#2**+13 **

Great answer Ninja,

Grreat use of LaTex too! (I answered your latex question for you as well)

I'm going to do it a different way (and I will practice some LaTex while I am at it)

3y-5x=-13

$$\\If\; x=0\;\; then \;\;3y=-13 \;\;so \;\;y=\frac{-13}{3}=-4\frac{1}{3}\;\;(0,-4\frac{1}{3})\\\\

If\; y=0\;\; then \;\;-5x=-13 \;\;so \;\;x=\frac{13}{5}=2\frac{3}{5}\;\;\;(2\frac{3}{5},0)\\\\

\begin{array}{|c|c|c|}\hline

$x$&0&2\frac{3}{5}\\\hline

$y$&-4\frac{1}{3}&0\\\hline

\end{array}\\$$

FOR PEOPLE LEARNING LATEX

This is the code that I have used.

\\If\; x=0\;\; then \;\;3y=-13 \;\;so \;\;y=\frac{-13}{3}=-4\frac{1}{3}\;\;(0,-4\frac{1}{3})\\\\

If\; y=0\;\; then \;\;-5x=-13 \;\;so \;\;x=\frac{13}{5}=2\frac{3}{5}\;\;\;(2\frac{3}{5},0)\\\\

\begin{array}{|c|c|c|}\hline

$x$&0&2\frac{3}{5}\\\hline

$y$&-4\frac{1}{3}&0\\\hline

\end{array}\\

I drew the picture with GeoGebra

Melody Aug 4, 2014

#1**+13 **

Are you wondering how you graph this?

To do this, you have to switch it to the slope intercept form.

The slope intercept form is **y = mx + b****,** where* m = slope* and *b = y intercept*.

Let's work this out.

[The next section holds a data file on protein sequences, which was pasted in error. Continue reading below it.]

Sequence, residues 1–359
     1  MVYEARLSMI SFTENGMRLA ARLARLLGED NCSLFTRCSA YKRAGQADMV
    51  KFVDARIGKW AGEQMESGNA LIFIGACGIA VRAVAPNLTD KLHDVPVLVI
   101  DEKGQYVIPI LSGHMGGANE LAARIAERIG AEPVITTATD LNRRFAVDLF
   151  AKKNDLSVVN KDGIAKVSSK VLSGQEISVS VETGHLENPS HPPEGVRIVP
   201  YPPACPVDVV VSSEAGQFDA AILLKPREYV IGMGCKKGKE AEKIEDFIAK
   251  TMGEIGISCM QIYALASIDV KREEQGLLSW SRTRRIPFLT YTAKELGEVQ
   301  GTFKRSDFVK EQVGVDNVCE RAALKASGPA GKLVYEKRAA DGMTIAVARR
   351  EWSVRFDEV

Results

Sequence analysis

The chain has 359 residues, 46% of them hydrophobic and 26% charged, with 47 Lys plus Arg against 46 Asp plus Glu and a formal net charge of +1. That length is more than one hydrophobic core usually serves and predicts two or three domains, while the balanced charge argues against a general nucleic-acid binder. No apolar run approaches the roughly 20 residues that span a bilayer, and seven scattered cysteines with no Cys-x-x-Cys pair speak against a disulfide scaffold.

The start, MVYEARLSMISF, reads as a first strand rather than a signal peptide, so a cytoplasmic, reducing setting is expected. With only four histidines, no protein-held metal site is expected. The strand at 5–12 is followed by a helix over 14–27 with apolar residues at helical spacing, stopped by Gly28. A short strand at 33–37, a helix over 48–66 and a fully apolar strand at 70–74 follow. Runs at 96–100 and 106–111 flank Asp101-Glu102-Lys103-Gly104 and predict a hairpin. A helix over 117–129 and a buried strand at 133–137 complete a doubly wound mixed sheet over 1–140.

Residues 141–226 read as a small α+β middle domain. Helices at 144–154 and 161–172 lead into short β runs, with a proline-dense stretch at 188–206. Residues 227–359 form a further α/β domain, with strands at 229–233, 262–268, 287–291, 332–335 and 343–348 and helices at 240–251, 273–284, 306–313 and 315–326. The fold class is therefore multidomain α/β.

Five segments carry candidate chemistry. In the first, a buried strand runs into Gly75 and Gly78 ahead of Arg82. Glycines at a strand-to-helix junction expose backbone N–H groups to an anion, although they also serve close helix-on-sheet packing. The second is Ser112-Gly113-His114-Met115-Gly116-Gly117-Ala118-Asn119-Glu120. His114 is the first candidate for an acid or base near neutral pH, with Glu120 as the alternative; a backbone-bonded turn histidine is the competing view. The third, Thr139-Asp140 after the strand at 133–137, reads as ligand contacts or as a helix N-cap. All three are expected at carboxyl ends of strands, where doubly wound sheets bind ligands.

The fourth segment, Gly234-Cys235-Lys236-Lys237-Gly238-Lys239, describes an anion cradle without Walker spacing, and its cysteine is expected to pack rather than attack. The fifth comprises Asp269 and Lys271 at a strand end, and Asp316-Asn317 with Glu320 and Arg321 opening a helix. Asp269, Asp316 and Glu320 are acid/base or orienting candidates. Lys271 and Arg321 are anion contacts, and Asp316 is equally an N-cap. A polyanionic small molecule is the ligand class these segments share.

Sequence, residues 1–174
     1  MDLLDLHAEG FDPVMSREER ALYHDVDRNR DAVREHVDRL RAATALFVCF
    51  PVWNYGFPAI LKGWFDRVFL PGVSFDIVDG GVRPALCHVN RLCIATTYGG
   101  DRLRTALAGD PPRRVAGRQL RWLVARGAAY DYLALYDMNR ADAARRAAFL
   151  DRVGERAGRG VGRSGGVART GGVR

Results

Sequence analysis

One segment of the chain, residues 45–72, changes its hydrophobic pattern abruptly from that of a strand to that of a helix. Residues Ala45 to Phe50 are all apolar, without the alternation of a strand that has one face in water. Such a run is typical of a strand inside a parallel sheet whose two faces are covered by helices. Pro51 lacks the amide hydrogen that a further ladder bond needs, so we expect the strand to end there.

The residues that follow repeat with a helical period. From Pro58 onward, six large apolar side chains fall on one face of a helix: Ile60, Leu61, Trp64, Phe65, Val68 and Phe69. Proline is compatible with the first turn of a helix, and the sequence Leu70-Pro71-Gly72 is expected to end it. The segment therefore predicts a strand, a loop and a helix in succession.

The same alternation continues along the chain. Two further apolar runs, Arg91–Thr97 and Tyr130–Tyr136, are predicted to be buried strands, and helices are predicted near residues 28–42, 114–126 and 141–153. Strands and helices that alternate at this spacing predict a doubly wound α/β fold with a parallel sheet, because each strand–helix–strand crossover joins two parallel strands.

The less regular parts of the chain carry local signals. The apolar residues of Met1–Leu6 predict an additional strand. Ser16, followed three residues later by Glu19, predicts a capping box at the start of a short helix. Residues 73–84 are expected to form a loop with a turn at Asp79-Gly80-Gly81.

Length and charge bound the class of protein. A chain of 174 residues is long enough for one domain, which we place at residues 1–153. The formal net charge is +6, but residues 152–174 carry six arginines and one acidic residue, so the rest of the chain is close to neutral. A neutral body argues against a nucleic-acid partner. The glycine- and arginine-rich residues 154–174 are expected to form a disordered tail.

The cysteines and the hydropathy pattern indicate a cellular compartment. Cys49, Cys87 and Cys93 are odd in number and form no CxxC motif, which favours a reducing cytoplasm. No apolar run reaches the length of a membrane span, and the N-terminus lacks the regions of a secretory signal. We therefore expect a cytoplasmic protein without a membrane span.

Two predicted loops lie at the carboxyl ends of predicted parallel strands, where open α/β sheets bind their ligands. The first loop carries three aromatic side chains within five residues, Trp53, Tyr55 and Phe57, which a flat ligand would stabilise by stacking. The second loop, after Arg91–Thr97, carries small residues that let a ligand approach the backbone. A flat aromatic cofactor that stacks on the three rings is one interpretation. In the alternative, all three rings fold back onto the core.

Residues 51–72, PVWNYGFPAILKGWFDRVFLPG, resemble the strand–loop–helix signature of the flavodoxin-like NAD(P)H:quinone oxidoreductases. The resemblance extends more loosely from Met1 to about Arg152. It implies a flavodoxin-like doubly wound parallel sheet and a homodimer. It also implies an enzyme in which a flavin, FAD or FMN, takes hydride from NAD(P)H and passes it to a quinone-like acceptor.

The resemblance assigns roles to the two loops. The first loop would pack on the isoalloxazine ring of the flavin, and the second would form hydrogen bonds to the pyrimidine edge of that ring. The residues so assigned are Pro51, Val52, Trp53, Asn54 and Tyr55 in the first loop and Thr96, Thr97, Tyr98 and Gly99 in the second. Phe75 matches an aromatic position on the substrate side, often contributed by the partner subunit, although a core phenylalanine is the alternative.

$$\begin{array}{rll}

3y -5x &=&-13\\

y- 5/3x &=& -13/3\\

y &=& 5/3x - 13/3\\

y &=& 5/3x -4 \frac{1}{3}

\end{array}$$

We can plot the point (0, -4 1/3) now, because the -4 1/3 tells us the y intercept.

Then, from that point, we can go up 5 and over 3 to the right. We do this because 5/3 tells us our slope, and it is written as up/over. I know to go 3 to the *right* because this is a positive slope.

If you had something like y = -5/3x + 2, you would go over 3 to the *left*, because that would be a negative slope.

Anyway, we go up 5 and over 3 to the right, then plot that point (put a dot there.) Now we have two points so we grab a ruler and draw a line through those two points. That's our graphed line!

Here's what this one will look like:

NinjaDevo Aug 4, 2014

#2**+13 **

Best Answer

Great answer Ninja,

Grreat use of LaTex too! (I answered your latex question for you as well)

I'm going to do it a different way (and I will practice some LaTex while I am at it)

3y-5x=-13

$$\\If\; x=0\;\; then \;\;3y=-13 \;\;so \;\;y=\frac{-13}{3}=-4\frac{1}{3}\;\;(0,-4\frac{1}{3})\\\\

If\; y=0\;\; then \;\;-5x=-13 \;\;so \;\;x=\frac{13}{5}=2\frac{3}{5}\;\;\;(2\frac{3}{5},0)\\\\

\begin{array}{|c|c|c|}\hline

$x$&0&2\frac{3}{5}\\\hline

$y$&-4\frac{1}{3}&0\\\hline

\end{array}\\$$

FOR PEOPLE LEARNING LATEX

This is the code that I have used.

\\If\; x=0\;\; then \;\;3y=-13 \;\;so \;\;y=\frac{-13}{3}=-4\frac{1}{3}\;\;(0,-4\frac{1}{3})\\\\

If\; y=0\;\; then \;\;-5x=-13 \;\;so \;\;x=\frac{13}{5}=2\frac{3}{5}\;\;\;(2\frac{3}{5},0)\\\\

\begin{array}{|c|c|c|}\hline

$x$&0&2\frac{3}{5}\\\hline

$y$&-4\frac{1}{3}&0\\\hline

\end{array}\\

I drew the picture with GeoGebra

Melody Aug 4, 2014